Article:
Madeline Zavodny and Tao Zha
Economic Review, Vol. 85, No. 4, 2000
When the Federal Open Market Committee began raising interest rates in June 1999 to forestall inflationary pressures, concern mounted that monetary policy moves might slow the pace of economic growth, undoing the employment gains minorities and other disadvantaged groups made during the 1990s. Implicit in such concern is the idea that these groups will be disproportionately affected by an economic slowdown.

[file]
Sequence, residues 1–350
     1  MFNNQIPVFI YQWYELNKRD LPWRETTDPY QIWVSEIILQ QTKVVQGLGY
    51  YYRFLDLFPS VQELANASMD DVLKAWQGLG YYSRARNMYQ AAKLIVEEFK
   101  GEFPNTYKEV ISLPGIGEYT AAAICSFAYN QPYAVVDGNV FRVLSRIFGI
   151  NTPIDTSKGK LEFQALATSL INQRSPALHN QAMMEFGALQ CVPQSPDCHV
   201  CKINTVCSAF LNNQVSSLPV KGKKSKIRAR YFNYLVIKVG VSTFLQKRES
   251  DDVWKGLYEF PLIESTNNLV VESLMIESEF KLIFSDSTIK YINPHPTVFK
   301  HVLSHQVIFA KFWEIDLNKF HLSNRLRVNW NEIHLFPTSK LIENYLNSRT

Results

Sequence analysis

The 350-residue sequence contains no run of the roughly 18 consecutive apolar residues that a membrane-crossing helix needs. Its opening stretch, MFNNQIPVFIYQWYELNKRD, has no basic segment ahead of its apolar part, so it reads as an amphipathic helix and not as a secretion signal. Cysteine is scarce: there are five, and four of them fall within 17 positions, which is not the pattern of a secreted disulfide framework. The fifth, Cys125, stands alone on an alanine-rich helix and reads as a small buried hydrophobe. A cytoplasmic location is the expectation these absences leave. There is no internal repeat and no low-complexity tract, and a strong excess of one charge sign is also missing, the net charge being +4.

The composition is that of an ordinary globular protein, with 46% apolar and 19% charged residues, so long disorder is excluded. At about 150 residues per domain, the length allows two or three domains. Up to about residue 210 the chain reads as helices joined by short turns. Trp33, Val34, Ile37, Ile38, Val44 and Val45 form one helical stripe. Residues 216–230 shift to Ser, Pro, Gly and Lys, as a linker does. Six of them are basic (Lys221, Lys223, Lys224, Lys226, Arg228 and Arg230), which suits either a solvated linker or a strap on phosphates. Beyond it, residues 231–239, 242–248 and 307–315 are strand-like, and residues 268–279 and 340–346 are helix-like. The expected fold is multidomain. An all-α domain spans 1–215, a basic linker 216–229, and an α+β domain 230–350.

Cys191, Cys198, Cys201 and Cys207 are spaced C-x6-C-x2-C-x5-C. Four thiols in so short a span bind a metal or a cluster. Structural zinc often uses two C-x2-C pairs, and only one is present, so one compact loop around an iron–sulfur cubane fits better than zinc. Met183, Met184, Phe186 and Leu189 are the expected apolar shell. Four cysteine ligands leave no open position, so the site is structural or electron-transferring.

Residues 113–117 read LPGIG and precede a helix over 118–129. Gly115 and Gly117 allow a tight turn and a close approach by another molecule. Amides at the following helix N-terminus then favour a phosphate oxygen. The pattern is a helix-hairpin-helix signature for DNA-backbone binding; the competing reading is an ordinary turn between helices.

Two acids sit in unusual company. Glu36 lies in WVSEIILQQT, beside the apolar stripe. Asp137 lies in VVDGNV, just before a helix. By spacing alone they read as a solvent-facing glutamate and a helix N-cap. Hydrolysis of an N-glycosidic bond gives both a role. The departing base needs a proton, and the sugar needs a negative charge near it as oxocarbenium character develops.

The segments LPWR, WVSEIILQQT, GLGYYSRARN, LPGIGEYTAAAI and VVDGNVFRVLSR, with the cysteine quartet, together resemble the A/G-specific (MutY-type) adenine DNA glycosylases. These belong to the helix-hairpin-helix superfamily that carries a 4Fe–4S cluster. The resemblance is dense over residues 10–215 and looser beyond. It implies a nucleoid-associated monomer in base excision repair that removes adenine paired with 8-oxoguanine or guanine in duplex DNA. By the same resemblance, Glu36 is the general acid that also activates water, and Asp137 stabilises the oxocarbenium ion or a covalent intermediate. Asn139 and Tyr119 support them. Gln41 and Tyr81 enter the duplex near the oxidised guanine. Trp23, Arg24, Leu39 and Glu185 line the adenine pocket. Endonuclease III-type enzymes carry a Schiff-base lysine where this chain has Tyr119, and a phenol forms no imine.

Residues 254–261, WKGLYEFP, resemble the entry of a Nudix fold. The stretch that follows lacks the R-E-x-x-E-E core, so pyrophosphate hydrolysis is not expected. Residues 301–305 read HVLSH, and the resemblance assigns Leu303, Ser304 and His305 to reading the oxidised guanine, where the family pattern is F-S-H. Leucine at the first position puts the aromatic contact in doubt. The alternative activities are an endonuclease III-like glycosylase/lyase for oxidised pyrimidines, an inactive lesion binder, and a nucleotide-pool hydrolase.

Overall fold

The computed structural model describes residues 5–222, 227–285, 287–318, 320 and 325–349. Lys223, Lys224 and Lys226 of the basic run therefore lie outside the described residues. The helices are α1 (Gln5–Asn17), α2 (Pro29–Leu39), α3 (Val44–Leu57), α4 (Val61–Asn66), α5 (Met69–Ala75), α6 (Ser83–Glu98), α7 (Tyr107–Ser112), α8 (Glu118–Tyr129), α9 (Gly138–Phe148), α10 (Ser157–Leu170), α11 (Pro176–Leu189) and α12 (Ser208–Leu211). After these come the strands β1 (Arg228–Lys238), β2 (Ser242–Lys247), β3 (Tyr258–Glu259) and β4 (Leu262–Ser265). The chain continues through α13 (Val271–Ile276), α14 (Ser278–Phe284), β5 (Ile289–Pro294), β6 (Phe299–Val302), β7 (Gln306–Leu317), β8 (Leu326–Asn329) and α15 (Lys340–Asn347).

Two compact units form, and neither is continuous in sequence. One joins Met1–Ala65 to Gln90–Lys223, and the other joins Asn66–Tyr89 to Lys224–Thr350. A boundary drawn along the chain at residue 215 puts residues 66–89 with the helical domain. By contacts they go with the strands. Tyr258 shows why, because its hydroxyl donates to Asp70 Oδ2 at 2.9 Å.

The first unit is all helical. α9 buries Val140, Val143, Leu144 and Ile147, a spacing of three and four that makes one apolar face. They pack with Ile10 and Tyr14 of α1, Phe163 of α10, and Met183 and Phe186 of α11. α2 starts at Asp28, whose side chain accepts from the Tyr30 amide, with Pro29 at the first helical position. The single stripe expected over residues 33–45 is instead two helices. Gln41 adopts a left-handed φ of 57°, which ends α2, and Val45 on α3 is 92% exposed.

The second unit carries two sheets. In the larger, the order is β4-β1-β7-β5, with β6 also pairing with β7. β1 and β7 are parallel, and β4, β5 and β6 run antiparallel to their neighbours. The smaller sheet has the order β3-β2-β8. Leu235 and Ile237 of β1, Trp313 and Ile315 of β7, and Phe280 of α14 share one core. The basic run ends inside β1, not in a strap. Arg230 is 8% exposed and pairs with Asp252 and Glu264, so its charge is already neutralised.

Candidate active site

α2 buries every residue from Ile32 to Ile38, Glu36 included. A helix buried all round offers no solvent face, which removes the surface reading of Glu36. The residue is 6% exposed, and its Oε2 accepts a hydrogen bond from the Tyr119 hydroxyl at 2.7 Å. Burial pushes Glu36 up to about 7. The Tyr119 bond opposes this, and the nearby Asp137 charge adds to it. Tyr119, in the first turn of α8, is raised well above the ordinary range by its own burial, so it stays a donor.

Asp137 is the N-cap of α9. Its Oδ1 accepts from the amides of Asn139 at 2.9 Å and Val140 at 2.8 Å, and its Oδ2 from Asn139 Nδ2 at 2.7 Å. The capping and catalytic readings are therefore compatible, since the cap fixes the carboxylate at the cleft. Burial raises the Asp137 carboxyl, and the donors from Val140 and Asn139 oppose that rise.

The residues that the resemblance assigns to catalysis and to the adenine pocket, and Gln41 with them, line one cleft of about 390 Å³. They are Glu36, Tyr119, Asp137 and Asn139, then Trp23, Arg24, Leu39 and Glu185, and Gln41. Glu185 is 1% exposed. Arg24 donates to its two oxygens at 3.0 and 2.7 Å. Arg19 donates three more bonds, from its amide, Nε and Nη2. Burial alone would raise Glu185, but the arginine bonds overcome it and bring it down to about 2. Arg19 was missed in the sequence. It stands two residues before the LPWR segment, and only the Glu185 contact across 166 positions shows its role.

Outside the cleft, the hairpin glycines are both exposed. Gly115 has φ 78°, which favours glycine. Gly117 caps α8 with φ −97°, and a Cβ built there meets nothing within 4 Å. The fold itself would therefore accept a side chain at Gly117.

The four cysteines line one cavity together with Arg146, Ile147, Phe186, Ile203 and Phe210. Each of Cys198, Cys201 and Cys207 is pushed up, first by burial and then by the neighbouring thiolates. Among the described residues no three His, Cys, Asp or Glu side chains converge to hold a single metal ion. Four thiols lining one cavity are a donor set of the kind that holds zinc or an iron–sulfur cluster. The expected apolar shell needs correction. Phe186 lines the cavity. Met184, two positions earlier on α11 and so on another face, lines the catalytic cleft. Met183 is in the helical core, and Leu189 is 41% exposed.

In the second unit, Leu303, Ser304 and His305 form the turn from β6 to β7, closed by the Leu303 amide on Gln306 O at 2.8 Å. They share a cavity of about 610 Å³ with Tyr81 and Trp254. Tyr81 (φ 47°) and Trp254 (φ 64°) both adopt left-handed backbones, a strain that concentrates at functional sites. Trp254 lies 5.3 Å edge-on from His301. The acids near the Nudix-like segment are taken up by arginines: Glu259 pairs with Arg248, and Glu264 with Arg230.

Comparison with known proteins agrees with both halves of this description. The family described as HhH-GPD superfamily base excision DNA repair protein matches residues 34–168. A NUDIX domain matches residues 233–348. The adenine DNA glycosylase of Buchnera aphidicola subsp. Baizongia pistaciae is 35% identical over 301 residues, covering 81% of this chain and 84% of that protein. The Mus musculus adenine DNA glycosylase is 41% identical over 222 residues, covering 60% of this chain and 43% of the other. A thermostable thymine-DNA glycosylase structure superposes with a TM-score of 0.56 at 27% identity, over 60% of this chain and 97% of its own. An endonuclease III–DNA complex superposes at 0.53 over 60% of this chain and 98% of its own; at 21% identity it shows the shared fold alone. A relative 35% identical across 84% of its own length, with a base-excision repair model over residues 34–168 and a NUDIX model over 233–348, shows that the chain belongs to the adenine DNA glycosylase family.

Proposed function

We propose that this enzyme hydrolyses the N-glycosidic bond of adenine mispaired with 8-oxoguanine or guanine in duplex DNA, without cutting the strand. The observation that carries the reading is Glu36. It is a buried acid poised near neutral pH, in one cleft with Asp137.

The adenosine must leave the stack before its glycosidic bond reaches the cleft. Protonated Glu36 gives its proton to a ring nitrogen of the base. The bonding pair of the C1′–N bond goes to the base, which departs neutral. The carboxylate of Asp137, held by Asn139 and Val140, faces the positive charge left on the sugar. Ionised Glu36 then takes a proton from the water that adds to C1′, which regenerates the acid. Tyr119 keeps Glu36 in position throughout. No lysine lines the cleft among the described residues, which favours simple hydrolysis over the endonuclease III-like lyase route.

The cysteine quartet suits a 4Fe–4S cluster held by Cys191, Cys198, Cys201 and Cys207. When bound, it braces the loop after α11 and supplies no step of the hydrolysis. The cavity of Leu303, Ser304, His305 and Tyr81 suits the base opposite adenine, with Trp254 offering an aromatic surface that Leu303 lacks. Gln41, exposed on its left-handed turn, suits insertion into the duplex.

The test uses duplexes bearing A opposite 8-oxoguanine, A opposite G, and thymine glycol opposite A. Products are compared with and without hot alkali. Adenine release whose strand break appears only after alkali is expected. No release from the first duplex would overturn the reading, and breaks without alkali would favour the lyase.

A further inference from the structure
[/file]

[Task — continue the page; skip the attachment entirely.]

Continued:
To explore this issue, this article analyzes the effect of exogenous movements in monetary policy and other macroeconomic variables on the overall and black unemployment rates. These exogenous movements are shifts in the federal funds rate not explained by movements in the other variables included in the econometric model estimated here. The analysis focuses on how the implementation of exogenous monetary policy during the 1980s and 1990s affected the black unemployment rate relative to the overall unemployment rate. Results suggest that the black unemployment rate tends to be slightly more responsive to exogenous monetary policy moves than the overall unemployment rate is. However, exogenous monetary policy moves during the 1980s and 1990s did not have significantly more adverse effects on African Americans than on the total population and may even have had positive net effects on African Americans.